Will More New Jersey Students Eat Breakfast in Class? [AUDIO]
The idea is to get more New Jersey schools participating in the federally-funded school breakfast program. A new study finds that serving the meal in the classroom after the morning bell could be the answer.
About 300 school districts across the state participated in the survey and while 88 percent admit they offer breakfast, 68 percent offer it before the school day begins.
"We're happy that more schools are offering breakfast, but the problem that we're finding is that you have kids who come in the building at different times, they have different schedules and they're not all around the same location at the same time in the morning. So, while you have a school offering breakfast, you don't have any kids around to eat it," said Cecelia Zalkind, executive director of Advocates for Children of New Jersey, which is spear-heading the New Jersey Food for Thought School Breakfast Campaign. "Those districts that are really committed to breakfast have explored other, more creative alternatives. 38 percent began serving breakfast after the morning bell and so far, it's been very successful."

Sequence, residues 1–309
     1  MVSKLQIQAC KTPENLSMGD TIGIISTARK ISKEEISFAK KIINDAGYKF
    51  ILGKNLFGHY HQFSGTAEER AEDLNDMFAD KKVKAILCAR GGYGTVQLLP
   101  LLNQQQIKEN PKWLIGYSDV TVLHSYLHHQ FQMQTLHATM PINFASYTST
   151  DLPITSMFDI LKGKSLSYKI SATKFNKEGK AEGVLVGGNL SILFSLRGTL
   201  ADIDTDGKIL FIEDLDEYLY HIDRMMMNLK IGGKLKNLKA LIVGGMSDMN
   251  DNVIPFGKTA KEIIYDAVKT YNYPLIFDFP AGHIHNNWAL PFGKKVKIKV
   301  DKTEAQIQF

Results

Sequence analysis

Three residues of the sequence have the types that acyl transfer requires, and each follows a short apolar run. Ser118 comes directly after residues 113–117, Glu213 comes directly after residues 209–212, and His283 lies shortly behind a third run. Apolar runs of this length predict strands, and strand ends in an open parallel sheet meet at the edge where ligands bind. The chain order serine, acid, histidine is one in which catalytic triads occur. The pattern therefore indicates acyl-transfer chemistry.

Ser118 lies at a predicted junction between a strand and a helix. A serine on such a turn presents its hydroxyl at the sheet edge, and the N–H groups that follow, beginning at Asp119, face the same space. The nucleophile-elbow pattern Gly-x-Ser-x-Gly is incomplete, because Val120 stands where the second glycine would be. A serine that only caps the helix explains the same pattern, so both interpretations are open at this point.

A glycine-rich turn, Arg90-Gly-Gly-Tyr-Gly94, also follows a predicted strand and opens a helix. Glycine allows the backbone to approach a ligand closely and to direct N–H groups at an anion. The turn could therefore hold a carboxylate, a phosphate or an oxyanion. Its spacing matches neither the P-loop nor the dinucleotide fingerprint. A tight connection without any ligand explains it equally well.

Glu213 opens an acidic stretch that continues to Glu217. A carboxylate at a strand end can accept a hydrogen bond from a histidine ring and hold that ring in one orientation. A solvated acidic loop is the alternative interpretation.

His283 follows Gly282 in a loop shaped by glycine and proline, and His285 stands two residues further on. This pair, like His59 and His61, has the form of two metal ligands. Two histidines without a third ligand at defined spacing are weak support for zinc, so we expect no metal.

"The districts that fed children in the classroom reported fewer visits to the school nurse, less disruptive behavior in the classroom and kids were better able to concentrate," said Zalkind. "They saw the value immediately and over the long term, that leads to academic success. A kid who can concentrate on what's happening in class has a better chance of being successful."
New Jersey ranks 48th in the nation for its participation in the federally-funded school breakfast program, with about 28 percent of eligible children participating. The campaign is looking to bring that participation up to at least 30 percent by next year.